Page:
At last he walks towards her from the far end of town, a little man getting bigger, now looking straight into the lens. She can see the large face smiling, bushy eyebrows arriving ahead of the rest of him. Then comes the black moustache with wings ready to fly. It is a kind face and Su goes click, click. At a hundred yards he looks thirty, at twenty paces he looks forty, close up he must be all of sixty. He is wearing a red tie. Su learned at school that red does to a photo what mustard does to a stale sausage sandwich.

‘We meet again,’ he says. ‘I seem to be keeping you busy.’ He is so cheerful, not a lugubrious bone in his slightly listing body. The accent sounds foreign, Su thinks, probably from over the water.

‘And vice versa,’ she says, without knowing what she means. ‘I hope you don’t mind?’ She fiddles with the camera. ‘Look,’ she shows him when nothing spooky appears on the little screen.

‘I look like Charlie Chaplin.’ Only an aficionado would know that the shillelagh he twirls so handily was a sine qua non the great comedian would not have been caught dead without.

‘That was not my intention.’ Su has never heard of Charlie Chaplin.

‘We’re only an experiment,’ he says. ‘That’s what I have figured out so far. The creator practised on earth before going on to do his major work elsewhere. Next time we’ll do coffee,’ the restless feet are already pointing him in a different direction. ‘Snap me as I go,’ he says, and she does, as he makes a game little leap in the air and throws a leg sideways just like the legendary clown.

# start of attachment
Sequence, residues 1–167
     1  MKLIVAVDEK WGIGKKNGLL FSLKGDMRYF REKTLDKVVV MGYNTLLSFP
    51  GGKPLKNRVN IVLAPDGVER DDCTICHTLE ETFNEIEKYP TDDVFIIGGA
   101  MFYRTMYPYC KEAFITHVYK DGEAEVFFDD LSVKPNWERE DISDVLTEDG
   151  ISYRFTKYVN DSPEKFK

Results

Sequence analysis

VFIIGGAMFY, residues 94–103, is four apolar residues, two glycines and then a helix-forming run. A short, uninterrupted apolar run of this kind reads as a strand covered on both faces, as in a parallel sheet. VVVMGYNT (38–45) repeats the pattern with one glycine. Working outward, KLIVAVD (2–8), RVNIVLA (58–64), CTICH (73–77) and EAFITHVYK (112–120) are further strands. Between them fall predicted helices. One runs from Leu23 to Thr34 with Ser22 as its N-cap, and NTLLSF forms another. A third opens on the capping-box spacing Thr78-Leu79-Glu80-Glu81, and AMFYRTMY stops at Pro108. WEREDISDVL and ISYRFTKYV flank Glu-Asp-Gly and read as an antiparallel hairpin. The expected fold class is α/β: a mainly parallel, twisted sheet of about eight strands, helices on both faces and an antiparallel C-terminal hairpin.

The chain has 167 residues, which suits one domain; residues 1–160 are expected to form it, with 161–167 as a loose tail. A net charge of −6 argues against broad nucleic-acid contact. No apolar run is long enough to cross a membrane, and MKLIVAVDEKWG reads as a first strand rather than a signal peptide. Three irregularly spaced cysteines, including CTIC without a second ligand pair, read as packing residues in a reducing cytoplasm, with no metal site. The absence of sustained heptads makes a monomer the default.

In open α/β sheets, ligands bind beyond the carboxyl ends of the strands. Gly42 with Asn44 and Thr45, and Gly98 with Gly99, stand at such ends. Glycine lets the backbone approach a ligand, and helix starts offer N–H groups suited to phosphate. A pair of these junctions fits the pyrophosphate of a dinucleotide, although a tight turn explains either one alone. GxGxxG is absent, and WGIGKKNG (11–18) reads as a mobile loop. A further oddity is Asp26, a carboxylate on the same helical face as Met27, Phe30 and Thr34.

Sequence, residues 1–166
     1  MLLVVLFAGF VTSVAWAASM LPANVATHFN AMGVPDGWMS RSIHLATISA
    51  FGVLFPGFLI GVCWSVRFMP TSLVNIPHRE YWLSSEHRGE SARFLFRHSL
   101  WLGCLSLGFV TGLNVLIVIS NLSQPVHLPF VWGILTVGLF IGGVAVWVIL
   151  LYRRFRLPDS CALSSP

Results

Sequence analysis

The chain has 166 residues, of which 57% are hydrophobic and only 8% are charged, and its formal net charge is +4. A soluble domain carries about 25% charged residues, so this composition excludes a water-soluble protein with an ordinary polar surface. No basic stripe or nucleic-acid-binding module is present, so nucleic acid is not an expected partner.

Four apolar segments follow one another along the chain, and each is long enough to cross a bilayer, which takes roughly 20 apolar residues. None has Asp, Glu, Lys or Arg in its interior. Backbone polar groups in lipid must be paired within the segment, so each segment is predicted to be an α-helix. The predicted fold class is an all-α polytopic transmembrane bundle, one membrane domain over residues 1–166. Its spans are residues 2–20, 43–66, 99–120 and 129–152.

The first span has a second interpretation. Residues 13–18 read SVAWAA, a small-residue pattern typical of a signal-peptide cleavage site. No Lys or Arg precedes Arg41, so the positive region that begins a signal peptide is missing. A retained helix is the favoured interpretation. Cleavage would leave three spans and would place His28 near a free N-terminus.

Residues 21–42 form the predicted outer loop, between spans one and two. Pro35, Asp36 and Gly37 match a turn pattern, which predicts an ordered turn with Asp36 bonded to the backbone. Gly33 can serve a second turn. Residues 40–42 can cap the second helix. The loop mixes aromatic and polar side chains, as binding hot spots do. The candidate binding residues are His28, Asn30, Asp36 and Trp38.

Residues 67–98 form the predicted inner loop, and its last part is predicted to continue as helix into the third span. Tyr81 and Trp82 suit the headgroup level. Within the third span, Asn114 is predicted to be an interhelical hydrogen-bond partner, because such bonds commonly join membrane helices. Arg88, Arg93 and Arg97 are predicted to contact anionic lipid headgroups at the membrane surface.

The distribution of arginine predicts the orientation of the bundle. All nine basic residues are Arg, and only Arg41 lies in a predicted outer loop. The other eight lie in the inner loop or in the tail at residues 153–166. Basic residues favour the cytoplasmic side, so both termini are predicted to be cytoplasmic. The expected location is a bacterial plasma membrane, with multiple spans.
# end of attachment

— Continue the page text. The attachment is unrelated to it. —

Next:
‘God is only practising,’ she tells Anabella in the evening. ‘We’re a work in progress to see how we work out. Then on to the next round. On the moon or out there. His complexion is sallow,’ she downloads a close-up on the computer. ‘What do you make of him?’

‘Don’t trust him.’ Life has taught Anabella a hard lesson or two. ‘Don’t forget the man who sold his soul to the devil.’

‘Who did?’

‘A man. It happens all the time.’

There are no flies on Su. It would be dead easy for Satan to sell Anabella a bill of goods. Despite the wise head on her shoulders, the heart insists on being heard. They have slept in the same family bed for nearly twenty years. ‘Not that we’re lesbians or anything,’ Anabella pronounced firmly when the subject came up.

‘But sometimes we pine.’

‘Everyone is lonely.’

A devil with a cure for loneliness, the girls agree, could have all the souls he wanted.